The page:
See also: Menace Ruine (Alight in Ashes), Vozrozhdeniya (La Naturaleza del Cansancio), Thomas Köner (Novaya Zemlya) and Sunn O)))/Nurse With Wound (The Iron Soul of Nothing reissue).
Dragged from Our Restless Trance
(Forcefield Records; US: 29 Feb 2012; UK: 29 Feb 2012)
Bastard Sapling: Dragged from Our Restless Trance
With its first full-length, Dragged from Our Restless Trance, US black metal five-piece Bastard Sapling released one of the best black metal albums in 2012—debut or otherwise. Taking its cues from old school Scandinavian legends such as Immortal and early Ulver, Bastard Sapling drew from the guts of black metal’s forefathers (note its remorseless iniquity and malice), but branded its work with an individualistic sigil. Dragged from Our Restless Trance‘s mix of primal, lo-fi black metal with a strident tempo saw Bastard Sapling setting its eye firmly on tradition. However, rather than creating a rote revision, those orthodox elements were one of its greatest strengths; its frantic tremolo picking, snarling vocals and sustained aggression proved there was still plentiful creativity to be found in black metal fundamentals. Still, Dragged from Our Restless Trance wasn’t all a celebration of a bygone era. The album also had an abundance of contemporary zeal, particularly where lachrymose atmospherics touched upon death and doom metal, and adroit technical fills emerged from the fusillades of fury.
See also: 2012’s Odz Manouk and Tukaaria reissues on Profound Lore, label Rhinocervs’ RH-12, RH-13, RH-14 and Muknal (self-titled demo, and split with the Haunting Presence).
Year of the Goat: Angels’ Necropolis
Satan sells, and the past few years have seen a steady stream of ‘occult’ rock acts trading in magic and mystery. Unfortunately, many of those bands have produced nothing more than clichéd bilge, but thankfully there are bands for which occultism is more than a symbolic crutch. In 2011, Germany’s indomitable VÁN Records ended the year spectacularly with an avowedly magickal release courtesy of the Devil’s Blood’s The Thousandfold Epicentre. In 2012 the label did it again with Swedish sextet Year of the Goat’s Angels’ Necropolis. Given Sweden’s dominance of the retro rock market, it was no surprise to find Year of the Goat’s ‘60s and ‘70s jangling psychedelia and doom-prog having certain sonic similarities to fellow Swede hard rock luminaries Witchcraft and Graveyard. But when Year of the Goat spoke of Angels’ Necropolis as an “an alternative gospel”, there was no doubting the band’s ill-omened sincerity. Angels’ Necropolis had hooks galore—riffs, harmonies and mellotron melodies flowing freely throughout. Yet, while Year of the Goat showed plenty of musical mastery, it was the band’s dedicated diabolism that truly underscored the significance of Angels’ Necropolis. About as perfect a Christmas present as Old Nick could deliver.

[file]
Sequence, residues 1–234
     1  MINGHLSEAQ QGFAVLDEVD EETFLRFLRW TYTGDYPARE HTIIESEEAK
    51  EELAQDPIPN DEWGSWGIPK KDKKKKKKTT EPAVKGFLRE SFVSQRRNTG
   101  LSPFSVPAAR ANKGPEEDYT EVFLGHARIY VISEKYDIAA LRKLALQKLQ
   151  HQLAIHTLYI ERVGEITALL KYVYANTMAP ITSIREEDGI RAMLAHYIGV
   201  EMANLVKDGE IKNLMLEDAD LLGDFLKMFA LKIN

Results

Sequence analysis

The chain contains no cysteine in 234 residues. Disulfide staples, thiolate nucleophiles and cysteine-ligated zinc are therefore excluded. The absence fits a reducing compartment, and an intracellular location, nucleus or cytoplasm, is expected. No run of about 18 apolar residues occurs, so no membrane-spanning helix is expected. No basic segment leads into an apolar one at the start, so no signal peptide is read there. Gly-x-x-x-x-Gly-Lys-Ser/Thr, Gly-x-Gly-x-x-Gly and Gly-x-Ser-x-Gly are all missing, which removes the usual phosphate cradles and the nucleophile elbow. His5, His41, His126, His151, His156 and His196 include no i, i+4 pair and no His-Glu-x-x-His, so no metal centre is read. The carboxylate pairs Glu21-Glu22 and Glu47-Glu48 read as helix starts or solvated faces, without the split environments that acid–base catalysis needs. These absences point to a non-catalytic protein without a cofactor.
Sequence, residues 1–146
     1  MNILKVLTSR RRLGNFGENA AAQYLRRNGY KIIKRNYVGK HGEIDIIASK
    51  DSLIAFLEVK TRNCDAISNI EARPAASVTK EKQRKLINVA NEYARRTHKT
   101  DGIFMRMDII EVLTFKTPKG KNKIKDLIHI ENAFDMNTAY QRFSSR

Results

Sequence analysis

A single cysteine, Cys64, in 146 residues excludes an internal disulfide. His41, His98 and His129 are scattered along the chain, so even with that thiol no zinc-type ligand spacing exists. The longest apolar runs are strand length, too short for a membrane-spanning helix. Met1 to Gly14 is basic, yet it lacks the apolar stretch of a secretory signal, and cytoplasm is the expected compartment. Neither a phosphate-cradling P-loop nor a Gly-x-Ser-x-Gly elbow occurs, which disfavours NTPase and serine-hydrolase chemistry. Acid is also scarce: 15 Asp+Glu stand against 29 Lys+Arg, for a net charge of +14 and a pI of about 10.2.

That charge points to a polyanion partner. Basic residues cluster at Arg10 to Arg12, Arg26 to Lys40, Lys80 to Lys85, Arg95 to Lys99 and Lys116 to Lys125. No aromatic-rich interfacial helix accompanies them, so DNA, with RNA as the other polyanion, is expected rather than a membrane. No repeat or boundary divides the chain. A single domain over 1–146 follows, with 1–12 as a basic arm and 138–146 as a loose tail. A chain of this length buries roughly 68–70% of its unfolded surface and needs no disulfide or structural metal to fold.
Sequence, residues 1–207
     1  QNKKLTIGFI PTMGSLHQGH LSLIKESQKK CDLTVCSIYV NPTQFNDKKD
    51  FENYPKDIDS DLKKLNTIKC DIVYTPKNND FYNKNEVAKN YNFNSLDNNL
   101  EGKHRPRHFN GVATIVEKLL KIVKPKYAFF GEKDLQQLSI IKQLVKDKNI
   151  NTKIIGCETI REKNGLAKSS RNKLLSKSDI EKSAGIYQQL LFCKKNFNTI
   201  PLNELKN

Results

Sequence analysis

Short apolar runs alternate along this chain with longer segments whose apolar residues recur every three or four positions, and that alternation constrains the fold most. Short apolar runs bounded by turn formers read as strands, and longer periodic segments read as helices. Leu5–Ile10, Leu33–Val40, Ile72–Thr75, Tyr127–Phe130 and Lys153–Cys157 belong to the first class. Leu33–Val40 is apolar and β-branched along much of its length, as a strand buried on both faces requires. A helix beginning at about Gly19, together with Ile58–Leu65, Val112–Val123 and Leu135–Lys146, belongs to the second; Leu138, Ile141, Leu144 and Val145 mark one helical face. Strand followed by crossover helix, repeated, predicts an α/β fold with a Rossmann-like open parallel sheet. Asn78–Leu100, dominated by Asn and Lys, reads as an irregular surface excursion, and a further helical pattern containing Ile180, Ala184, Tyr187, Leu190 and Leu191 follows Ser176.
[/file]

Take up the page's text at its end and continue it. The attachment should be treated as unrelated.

See also: two other top contenders in the sinful rocking game: self-titled debuts from Jess and the Ancient Ones, and Devil.
Árstíðir Lífsins: Vápna lækjar eldr
Árstíðir Lífsins’ sophomore album, Vápna lækjar eldr, was a rich, hauntingly beautiful and spirited affair. The nine-member band (from Iceland, Norway and Germany) sang rousing odes to hearth, home, nature and heritage, in a historic Icelandic dialect—weaving traditional Scandinavian folk and heathen black metal throughout. Vápna lækjar eldr was expertly paced and arranged, and with a tale based on historical literature and recent research it told of medieval Icelandic culture, minus the clichés. Rollicking Viking metal is endless fun, but Vápna lækjar eldr‘s blending of traditional, acoustic and electric instrumentation was distinctive and veridical—perfectly balancing its delicate sections with ferocious, exhilarating passages. Backed by vocals—mixing baritone barks and folkloristic choirs—the music and saga aligned seamlessly. This bolstered the album’s overall evocativeness, and underscored the stouthearted feel of its fiery songs. Vápna lækjar eldr was a true work of art.